Mike made me realize that I had a bad habit: measuring my life against other people’s. Snippets of other people’s lives, to be precise. A friend’s terrific new job (why didn’t I go after it?). A neighbour’s up-to-the-minute kitchen reno (so much more counter space than my kitchen). Even, God help me, a fellow exerciser’s flat tummy (guess I should do more sit-ups). Although I looked like a confident grownup, at heart I was still the anxious kid whose hair went frizzy while all the other girls’ hung in silken panels like Marianne Faithfull’s. I’ve managed to curb my comparison habit, but sometimes it still gets me down.

I’d kick myself for being so envious, but that wouldn’t be fair. We’ve all got the comparison habit to some degree.

In fact, psychologist David G. Myers, in his book The Pursuit of Happiness, singles it out as a contentment-killer. “Seldom do we compare ourselves with those below us,” he explains. “More often we compare ourselves with those a rung or two above, those whose level we now aspire to join.” Result: we’re always playing catch-up—and always disappointed with our lot. Myers points to Oakland Athletics outfielder Rickey Henderson. When he heard that the As had signed his teammate Jose Canseco for $4.7 million a year, he complained loudly about his own $3 million salary.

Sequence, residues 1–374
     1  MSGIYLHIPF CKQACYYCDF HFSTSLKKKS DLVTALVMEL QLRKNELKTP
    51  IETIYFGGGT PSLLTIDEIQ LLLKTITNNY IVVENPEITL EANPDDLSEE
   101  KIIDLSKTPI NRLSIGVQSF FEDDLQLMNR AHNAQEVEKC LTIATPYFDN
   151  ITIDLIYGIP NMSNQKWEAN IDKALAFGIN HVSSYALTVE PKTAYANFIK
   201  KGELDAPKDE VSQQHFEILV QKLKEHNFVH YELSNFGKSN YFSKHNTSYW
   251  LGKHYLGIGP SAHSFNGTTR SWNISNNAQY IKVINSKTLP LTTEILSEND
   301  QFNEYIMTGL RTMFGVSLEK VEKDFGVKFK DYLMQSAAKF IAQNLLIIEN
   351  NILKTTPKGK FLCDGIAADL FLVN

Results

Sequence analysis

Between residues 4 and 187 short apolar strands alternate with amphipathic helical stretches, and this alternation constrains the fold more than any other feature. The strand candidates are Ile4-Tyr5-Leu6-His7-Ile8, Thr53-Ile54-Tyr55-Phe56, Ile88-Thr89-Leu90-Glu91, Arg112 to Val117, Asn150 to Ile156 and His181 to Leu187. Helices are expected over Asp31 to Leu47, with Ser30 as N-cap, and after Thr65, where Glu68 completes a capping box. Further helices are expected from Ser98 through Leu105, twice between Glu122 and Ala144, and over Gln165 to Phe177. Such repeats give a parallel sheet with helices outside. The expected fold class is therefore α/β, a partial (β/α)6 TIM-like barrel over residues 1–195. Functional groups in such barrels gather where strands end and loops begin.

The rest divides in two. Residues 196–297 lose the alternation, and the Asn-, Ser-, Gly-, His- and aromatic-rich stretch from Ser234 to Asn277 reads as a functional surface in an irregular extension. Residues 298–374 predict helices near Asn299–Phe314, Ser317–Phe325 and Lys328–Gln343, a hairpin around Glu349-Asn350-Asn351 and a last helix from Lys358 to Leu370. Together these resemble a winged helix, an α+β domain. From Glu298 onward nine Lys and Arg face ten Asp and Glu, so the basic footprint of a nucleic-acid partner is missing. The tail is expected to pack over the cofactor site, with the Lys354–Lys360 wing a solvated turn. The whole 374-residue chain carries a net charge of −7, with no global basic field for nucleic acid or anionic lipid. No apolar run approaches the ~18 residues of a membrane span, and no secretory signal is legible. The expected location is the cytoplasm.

It’s not just our worldly goods that we diminish with why-not-me comparisons. Too often, it’s the people close to us. The new assistant who’s not as fast as her predecessor. The spouse we’d like to send to someone else’s partner for a crash course in listening or lovemaking. The child whose marks don’t measure up to our own way back when.

What drives us isn’t meanness but sheer insecurity. As a lifetime veteran of the comparison game, I’d put the strategy this way: when everything I’ve got is the best, I’ll finally be good enough.

You could call this no-win game our national sport, with the media cheerleaders urging us on in search of younger-looking skin, faster cars and so on. But the way I see it, no multi-zillion-dollar ad campaign can stir the anxious heart with as much you-don’t-cut-it fear as your basic dysfunctional family.